Third quarter GDP: economy grew at 3.5% annual rate

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The U.S. economy grew at a strong 3.5% annual growth rate in the third quarter, backing Republican claims that President Trump is presiding over a boom, with just 11 days to go before a congressional election. .

Growth fell from the 4.2% rate in the second quarter, but the economy still posted its best consecutive quarters in four years – thanks to free consumer and federal government spending – and is within reach. the Trump administration’s 3% annual growth. target.

“Despite all the dithering about the [stock] market, the economy is doing pretty well,” said Ethan Harris, head of global economics for Bank of America Merrill Lynch. “The story here is a double dose of caffeine from tax cuts and spending increases.”

On Friday, Vice President Pence touted the 3.5% growth, writing on Twitter that under Trump, “the US economy is making a REAL COMEBACK after nearly a decade of slow growth.”

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Strong overall growth capped a volatile week on Wall Street, where the Dow Jones Industrial Average gave up all of its gains for the year. Friday’s Commerce Department report also offered a mixed verdict on the outlook for the president to deliver a lasting era of improved economic performance and suggested rising interest rates are starting to bite.

“The details of the growth weren’t as impressive as the 3.5% headline,” Jim O’Sullivan, chief US economist for High Frequency Economics, said in an email.

The administration announced last year’s corporate tax cut as an incentive for business spending on new machinery, computers and factories. Still, the gains evident earlier in the year appear to be fading, according to the report.

Business investment rose 0.8% in the quarter after gaining 8.7% in the previous three months. Spending on new structures fell 7.9% after rising 14.5% in the previous period.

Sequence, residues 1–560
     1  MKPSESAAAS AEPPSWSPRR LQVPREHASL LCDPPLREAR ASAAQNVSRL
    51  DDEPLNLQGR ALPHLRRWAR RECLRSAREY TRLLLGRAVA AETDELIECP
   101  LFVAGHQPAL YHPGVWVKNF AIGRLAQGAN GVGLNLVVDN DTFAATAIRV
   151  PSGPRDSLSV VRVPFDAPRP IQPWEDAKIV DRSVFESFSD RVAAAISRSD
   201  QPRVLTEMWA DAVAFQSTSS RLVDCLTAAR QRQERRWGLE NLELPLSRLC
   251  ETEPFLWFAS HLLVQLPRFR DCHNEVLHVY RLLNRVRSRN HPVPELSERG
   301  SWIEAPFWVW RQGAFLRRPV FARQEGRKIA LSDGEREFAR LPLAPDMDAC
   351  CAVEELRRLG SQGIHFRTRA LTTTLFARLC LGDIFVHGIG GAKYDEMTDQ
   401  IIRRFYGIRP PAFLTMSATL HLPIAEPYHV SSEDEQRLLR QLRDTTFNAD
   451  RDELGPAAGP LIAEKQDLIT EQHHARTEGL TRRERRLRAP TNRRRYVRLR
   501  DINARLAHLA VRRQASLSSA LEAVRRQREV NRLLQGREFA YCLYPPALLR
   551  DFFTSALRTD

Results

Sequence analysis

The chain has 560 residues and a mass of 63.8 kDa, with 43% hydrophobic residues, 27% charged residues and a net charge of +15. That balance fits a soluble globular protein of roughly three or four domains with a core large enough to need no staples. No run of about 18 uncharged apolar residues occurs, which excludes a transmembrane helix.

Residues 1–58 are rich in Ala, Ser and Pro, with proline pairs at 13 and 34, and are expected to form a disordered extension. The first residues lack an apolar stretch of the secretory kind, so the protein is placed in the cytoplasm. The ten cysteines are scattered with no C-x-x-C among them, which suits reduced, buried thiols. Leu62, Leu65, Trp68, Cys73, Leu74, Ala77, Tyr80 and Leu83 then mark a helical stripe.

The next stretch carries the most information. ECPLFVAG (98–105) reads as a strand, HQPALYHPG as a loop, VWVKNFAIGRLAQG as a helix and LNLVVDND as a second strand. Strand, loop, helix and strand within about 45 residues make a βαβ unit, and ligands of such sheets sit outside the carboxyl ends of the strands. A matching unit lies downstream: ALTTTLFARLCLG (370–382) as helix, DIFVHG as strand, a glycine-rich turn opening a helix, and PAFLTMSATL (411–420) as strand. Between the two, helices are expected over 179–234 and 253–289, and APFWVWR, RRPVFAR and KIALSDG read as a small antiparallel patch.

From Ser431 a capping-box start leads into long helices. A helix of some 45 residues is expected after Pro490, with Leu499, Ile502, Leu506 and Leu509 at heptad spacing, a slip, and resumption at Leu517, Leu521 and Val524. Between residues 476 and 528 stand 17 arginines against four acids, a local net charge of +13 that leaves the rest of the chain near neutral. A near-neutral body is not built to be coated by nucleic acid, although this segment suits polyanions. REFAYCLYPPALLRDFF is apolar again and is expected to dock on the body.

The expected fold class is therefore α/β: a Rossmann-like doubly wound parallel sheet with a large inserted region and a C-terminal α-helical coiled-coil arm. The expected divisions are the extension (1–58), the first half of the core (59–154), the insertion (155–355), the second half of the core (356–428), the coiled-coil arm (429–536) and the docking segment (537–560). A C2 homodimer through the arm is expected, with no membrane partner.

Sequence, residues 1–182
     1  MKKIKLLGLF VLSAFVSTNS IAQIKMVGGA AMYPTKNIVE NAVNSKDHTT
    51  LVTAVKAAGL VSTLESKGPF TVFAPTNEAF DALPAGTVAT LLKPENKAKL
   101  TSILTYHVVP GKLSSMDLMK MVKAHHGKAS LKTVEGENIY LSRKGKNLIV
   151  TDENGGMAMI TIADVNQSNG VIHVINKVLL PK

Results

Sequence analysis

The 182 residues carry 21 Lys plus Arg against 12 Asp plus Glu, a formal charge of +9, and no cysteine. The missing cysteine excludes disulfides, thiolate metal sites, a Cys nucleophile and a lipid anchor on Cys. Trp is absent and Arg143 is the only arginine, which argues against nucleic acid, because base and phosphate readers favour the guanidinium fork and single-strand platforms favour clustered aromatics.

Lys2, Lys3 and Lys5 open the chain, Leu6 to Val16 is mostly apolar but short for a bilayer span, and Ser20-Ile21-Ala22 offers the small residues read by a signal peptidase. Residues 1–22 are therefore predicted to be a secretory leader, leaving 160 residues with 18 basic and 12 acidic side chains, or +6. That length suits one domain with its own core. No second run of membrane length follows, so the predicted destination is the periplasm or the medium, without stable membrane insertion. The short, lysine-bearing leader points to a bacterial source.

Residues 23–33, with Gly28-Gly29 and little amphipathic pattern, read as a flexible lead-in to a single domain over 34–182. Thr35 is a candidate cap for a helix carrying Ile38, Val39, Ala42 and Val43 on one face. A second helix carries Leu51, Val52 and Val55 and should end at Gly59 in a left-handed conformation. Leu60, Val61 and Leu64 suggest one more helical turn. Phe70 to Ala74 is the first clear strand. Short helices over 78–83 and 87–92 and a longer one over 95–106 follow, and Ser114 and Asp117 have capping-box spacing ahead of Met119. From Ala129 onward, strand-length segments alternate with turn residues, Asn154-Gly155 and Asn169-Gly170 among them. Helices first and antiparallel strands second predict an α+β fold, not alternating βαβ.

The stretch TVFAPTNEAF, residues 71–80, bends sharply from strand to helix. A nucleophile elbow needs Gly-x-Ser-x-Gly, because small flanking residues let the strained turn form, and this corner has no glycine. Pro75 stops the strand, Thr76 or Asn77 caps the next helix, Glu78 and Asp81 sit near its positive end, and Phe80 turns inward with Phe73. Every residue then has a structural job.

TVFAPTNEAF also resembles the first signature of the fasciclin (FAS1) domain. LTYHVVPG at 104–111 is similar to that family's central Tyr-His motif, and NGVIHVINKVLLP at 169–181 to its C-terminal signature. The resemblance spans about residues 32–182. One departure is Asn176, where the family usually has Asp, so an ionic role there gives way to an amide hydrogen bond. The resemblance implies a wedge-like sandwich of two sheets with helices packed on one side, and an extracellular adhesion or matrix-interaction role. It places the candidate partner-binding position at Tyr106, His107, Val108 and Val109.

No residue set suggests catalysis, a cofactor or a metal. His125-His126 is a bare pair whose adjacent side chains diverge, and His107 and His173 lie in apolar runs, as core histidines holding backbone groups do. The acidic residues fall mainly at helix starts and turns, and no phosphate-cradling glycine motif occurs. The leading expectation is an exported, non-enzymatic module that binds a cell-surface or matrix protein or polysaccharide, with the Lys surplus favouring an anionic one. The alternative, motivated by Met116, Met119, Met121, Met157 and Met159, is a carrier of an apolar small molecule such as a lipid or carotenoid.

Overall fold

“That probably tells us that growth in the fourth quarter will be a bit slower,” said Ben Ayers, senior economist for Nationwide Insurance.

Another major negative: trade sapped $20.7 trillion from the strength of the economy, as imports outpaced exports by a growing margin, the report said. The president has made reducing the trade deficit a key objective, but has yet to see progress after 21 months in office.

Since January, Trump has imposed tariffs on solar panels, washing machines and industrial metals made overseas and on about half of the $505 billion in goods the US imports annually from China. .

His threats of additional tariffs on Chinese goods may have encouraged U.S. companies to increase imports to beat rising prices, economists said.

The third-quarter results fell short of the expectations of the president, who promised in July that the third-quarter figure would be “much higher” than the 4.2% in the second quarter.

Shortly after taking office in 2017, the president promised a “return to 4% annual economic growth,” a mark the United States has not reached since 2000. But administration officials such as Treasury Secretary Steven Mnuchin more recently described years of 3% a year. growth as a goal.

While the economic report is good news for the president, it will likely provide only a limited policy boost to Republicans, according to Matt McDonald, a Hamilton Place Strategies partner who worked as a White House communications assistant for President George W. Bush.

“Where the administration has struggled is tying low unemployment and the strength of the economy to whatever measures it has taken, such as the tax cut,” he said. he declares.

By a margin of 61% to 30%, voters last month said Trump’s tax cut favored ‘big business and the wealthy’ over ‘middle-class families’ in an internal Republican poll obtained by Bloomberg News.